Improving the uptake and quality of annual health checks for young people with learning disability
Compared to the general population, people with learning disabilities (LD) have poorer physical and mental health. People with LD also die younger and are more likely to die from treatable health conditions compared to people without LD (LeDeR report, 2018). The NHS Long Term Plan and NICE Guidelines NG54, QS142 and QS187 recommend Annual Health Checks to improve outcomes for young people with learning disabilities. A parallel policy as part of Special Educational Needs and Disabilities reforms recommends health information is included in Education and Health Care Plans. Annual Health Checks help to detect and manage health conditions early, review current treatments are appropriate, and help to build continuity of care (Buszewica et al., 2014). They result in increased investigations, identification of both physical and mental health disorders, medication reviews and appropriate referrals to secondary care in adults with LD. Current data indicate that the uptake of Annual Health Checks in young people with LD aged 14-17 is particularly low at 37%, and lower than adults aged 18+ (58%; gov.uk 2018/2019).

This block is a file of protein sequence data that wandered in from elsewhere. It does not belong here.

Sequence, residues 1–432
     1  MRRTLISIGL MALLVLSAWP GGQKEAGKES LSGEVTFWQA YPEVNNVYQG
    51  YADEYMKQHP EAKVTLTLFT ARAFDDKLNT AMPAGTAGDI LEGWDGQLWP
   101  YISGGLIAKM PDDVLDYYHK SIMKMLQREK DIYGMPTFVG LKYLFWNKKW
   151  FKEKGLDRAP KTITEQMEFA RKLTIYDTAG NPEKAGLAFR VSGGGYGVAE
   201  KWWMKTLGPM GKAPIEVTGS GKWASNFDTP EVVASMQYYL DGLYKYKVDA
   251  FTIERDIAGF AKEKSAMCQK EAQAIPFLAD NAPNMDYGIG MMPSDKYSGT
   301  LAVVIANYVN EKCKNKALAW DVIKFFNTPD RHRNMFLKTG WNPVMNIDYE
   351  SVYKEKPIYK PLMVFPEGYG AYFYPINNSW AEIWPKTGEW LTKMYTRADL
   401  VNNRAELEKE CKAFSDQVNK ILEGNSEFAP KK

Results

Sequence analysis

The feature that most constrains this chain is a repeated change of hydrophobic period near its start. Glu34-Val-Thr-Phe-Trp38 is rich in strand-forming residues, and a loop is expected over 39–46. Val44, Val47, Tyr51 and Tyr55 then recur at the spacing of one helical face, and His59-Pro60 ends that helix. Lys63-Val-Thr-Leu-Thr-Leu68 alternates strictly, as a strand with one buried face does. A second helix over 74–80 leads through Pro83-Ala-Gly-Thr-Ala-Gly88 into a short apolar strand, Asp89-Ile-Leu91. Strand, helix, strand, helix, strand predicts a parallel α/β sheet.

Policy and Practice Partners:
Aims and Objectives:
To improve uptake and quality of Annual Health Checks in children and young people (CYP) with LD aged 14-17 attending a severe learning disabilities special school. An integrated care model between primary care and education (school health and education professionals) services will be developed and implemented, improving uptake and quality.
Stage 1: Public Patient Involvement (ongoing)
We have conducted focus groups and interviews with 13 parents of CYP with LD, four CYP with LD, and a range of healthcare professionals working with people with LD (general practitioners, community paediatricians, special school nurses, clinical psychologists) and education professionals from severe learning disability special schools (headteachers and deputy headteachers).
We will continue to involve members of the public (parents/carers of CYP and CYP with LD) as well as education and healthcare professionals (primary care, secondary care, special school clinical staff) in the development of an intervention model.
Stage 2: Intervention development
The intervention model has not yet been fully developed as consultation is ongoing. It is envisaged that a systems-based intervention that fits within existing infrastructure will be co-designed with stakeholders.
Stage 3: Pilot Feasibility Study
Once the intervention model has been developed, funding will be sought from NIHR Research for Patient Benefit to conduct a pilot feasibility trial in two local severe learning disability special schools. The schools have been involved in the PPI work conducted to date and have agreed to take part in future research.
Implications for Implementation: